(01 Oct 2021) Qantas will bring forward the restart of its international flights to 14 November 2021, following today’s announcement by the Federal Government that Australia’s borders will open in November.
The national carrier will operate thrice weekly return flights between Sydney and London, and thrice weekly return flights between Sydney and Los Angeles with Boeing 787-9 Dreamliner aircraft.
Once the Federal Government announces the exact date that Australia’s international borders will reopen in November, the commencement dates for the two routes may need to be updated. Qantas has said that flights will be brought forward if it is earlier than 14 November, or moved to later in the month if necessary.
All flights on both routes for the first week will be ‘Points Planes’, meaning frequent flyers can access uncapped Classic Flight Reward seats across all cabins. Seats on those flights will also be available as regular flight bookings.
Fares are now on sale for Australian citizens, permanent residents and their immediate families and some visa holders. Fares start from A$1662 return for Sydney-Los Angeles and A$1869 return for Sydney-London.
Customers booked on the flights will have the flexibility to make ‘fee free’ date changes for travel until 31 December 2022, although a fare difference may apply. If flights are cancelled, customers may also be eligible for a refund or credit voucher.
As previously indicated, all passengers on Qantas’ international flights will be required to be fully vaccinated with a TGA-approved or recognised vaccine (some exemptions for medical reasons and children). They will also be required to return a negative PCR COVID19 test 72 hours prior to departure.
Customers on the flights will be required to home quarantine for seven days upon arrival into Australia, in accordance with the requirements of the Federal and New South Wales governments.
At this stage, all other international routes that were scheduled to resume from 18 December 2021 will continue as planned, although the airline has said that it has the flexibility to add additional routes if other states and territories decide to open their borders earlier and reduce quarantine requirements to seven days at home, or less.
The international flights remain subject to government and regulatory approval.
Qantas Group CEO, Alan Joyce, said, “The early reopening of Australia’s international borders will mean so much to so many people and it’s made possible by the amazing ramp up of the vaccine rollout. We know Australians can’t wait to travel overseas and be reunited with their loved ones, and literally thousands are waiting to come back home, so this faster restart is fantastic news. It also means we can get more of our people back to work, sooner.
“We welcome the Federal Government’s decision and the work by the New South Wales Government to facilitate the home quarantine approach that makes this feasible. We look forward to other States and Territories getting on board. We’d already sold out some of our international flights for December and seen strong demand on flights to and from London and Los Angeles, so we’re confident there will be a lot of interest in these earlier services.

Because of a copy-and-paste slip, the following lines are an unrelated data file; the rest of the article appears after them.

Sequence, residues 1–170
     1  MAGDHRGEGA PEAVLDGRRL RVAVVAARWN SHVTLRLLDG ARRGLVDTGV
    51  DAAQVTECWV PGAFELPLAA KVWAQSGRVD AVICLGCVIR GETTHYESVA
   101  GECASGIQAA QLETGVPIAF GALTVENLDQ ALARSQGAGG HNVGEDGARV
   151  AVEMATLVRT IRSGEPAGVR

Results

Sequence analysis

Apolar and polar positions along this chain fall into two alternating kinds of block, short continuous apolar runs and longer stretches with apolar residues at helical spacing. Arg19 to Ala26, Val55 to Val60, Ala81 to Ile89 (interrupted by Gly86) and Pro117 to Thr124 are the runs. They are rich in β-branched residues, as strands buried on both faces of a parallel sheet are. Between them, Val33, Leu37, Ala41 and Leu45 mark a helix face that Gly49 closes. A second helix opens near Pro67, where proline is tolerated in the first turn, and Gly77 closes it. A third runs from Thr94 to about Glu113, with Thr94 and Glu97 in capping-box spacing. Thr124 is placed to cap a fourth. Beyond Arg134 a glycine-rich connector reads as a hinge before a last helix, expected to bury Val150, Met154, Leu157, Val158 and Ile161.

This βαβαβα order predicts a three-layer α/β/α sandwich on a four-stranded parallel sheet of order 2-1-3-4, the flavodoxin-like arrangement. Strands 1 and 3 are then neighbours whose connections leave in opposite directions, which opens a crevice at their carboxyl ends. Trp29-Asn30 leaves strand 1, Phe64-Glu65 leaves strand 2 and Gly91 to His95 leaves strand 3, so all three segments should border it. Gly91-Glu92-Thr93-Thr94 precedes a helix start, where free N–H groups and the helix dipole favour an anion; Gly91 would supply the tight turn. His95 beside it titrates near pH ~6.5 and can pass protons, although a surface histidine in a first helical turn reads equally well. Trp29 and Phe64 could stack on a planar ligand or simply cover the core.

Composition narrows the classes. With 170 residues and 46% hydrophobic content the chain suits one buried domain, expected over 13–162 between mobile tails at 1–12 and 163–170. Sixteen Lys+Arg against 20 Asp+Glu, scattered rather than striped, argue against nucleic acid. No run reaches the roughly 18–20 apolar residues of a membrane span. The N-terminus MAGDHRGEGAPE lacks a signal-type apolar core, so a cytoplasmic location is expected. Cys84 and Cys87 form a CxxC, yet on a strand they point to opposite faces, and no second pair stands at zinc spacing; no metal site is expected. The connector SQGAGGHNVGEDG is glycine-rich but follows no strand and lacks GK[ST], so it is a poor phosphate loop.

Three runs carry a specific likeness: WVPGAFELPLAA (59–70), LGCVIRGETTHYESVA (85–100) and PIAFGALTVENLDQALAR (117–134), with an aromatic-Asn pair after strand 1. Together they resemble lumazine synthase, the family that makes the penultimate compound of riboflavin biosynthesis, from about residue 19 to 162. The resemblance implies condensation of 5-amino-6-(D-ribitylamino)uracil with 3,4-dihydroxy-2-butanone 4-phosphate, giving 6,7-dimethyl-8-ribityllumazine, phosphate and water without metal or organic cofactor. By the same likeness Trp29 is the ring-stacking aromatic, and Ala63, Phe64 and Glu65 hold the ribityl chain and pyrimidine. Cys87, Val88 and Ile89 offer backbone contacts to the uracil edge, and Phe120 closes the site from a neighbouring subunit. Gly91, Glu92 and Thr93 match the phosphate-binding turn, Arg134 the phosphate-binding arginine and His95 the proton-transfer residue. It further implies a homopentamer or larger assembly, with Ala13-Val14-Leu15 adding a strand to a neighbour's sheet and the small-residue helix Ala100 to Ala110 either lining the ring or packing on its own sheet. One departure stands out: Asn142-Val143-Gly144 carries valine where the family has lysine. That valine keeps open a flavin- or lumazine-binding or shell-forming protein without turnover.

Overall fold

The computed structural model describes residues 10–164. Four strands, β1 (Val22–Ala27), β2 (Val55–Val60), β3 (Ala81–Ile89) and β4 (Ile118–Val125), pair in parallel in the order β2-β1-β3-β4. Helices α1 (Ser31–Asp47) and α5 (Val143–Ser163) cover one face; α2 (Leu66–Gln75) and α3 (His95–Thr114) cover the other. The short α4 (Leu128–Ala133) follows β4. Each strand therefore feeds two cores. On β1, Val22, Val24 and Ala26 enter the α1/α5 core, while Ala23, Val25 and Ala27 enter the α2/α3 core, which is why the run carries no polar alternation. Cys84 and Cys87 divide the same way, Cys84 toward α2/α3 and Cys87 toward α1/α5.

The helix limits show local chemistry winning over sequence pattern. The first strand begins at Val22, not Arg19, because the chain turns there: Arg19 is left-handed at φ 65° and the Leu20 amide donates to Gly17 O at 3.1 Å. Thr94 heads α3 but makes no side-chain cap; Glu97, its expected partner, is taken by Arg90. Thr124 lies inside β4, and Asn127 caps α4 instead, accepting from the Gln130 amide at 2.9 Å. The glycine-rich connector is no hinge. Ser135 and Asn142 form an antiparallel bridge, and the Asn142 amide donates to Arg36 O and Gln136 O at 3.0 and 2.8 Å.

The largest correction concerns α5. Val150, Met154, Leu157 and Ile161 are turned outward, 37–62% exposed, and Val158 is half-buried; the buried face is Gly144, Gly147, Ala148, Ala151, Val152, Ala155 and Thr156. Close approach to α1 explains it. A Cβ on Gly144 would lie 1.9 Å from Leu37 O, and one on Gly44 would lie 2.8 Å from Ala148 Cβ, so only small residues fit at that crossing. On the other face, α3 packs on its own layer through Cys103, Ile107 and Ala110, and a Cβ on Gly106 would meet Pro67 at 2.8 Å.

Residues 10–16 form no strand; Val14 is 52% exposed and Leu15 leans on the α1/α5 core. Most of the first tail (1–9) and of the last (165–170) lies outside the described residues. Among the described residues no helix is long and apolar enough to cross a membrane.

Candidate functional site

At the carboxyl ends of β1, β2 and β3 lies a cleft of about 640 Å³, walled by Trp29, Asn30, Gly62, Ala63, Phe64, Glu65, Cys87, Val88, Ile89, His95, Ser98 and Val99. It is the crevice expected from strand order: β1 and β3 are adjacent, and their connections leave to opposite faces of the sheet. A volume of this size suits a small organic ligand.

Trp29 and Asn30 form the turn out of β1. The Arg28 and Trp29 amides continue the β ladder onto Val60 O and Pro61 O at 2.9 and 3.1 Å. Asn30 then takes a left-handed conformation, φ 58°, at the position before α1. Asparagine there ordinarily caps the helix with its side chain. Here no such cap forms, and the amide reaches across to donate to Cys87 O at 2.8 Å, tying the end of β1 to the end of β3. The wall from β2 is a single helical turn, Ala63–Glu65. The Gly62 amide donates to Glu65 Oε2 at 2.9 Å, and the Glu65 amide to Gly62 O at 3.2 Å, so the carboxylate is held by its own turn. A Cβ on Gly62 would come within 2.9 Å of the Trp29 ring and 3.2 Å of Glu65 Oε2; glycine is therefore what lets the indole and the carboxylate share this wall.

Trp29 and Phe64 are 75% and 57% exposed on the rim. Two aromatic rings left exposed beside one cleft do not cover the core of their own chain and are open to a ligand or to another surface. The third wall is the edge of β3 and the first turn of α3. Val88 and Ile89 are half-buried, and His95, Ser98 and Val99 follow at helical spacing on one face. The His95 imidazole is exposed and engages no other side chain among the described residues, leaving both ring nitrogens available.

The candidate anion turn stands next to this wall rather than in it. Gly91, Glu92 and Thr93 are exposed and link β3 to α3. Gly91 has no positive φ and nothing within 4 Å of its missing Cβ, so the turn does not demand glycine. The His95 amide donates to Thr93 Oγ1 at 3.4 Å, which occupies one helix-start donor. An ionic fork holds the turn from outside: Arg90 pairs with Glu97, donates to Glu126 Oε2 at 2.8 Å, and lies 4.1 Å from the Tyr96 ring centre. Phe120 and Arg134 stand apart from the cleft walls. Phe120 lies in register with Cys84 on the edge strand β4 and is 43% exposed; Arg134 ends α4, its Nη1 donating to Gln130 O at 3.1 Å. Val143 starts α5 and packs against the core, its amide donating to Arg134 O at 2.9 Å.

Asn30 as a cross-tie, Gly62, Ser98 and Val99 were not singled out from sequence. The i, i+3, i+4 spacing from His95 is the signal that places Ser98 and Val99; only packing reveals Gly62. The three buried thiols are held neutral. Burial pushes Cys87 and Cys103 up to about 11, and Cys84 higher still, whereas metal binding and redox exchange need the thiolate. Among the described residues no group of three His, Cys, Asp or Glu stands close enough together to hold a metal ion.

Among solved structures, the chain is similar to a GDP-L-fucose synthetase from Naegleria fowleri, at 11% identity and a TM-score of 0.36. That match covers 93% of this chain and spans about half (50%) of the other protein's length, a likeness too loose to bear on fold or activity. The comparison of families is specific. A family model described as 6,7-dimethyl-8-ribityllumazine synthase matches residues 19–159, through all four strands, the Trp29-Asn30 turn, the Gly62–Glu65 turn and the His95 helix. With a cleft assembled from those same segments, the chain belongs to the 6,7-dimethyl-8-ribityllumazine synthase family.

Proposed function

“We know many frequent flyers have been stockpiling their points over the past 18 months to use on an overseas flight, so we’re making more seats available to be booked with points alone. Beyond the initial rush, the ongoing demand for international flights will hinge largely on what the quarantine requirements are. The shift to seven day home quarantine for fully vaccinated Australians with a negative test is a great step towards reducing this closer to what is becoming standard in many countries overseas, which is a test and release program.”
Qantas will continue to operate government-sponsored repatriation services as required, including home quarantine trial flights.
Philip Goh, IATA’s Regional Vice President for Asia Pacific, said, “This is a step forward. But more can still be done. The announcement of the November timeline and the removal of the international arrival caps are positive steps forward. The reduction of quarantine period and introduction of home quarantine for vaccinated Australians are also steps in the right direction. We welcome the use of rapid antigen tests for international travel. However, still more can be done. Realistically, the woes of the travel and tourism sectors will persist as long as passenger caps are retained for unvaccinated arrivals and quarantine remains even for the vaccinated. International travel recovery will be muted and restrained when quarantine remains.
“Ultimately, the need to quarantine should be removed for those who are vaccinated and who test negative prior to departure for Australia. We urge the Australian government to follow guidance from WHO on a risk-based approach. This includes relaxing measures and/or quarantine requirements for travelers who are fully vaccinated. And to provide alternatives for unvaccinated individuals through testing. A number of major states – the US, Canada, European states, have lifted quarantine requirements for international arrivals. Australia needs to work towards a similar approach. Airlines will also need more details if this is to be operationalized in November. Hence it is essential that the Australian government steps up its engagement with the aviation sector, to help airlines prepare for the safe and efficient re-opening of Australia’s borders.”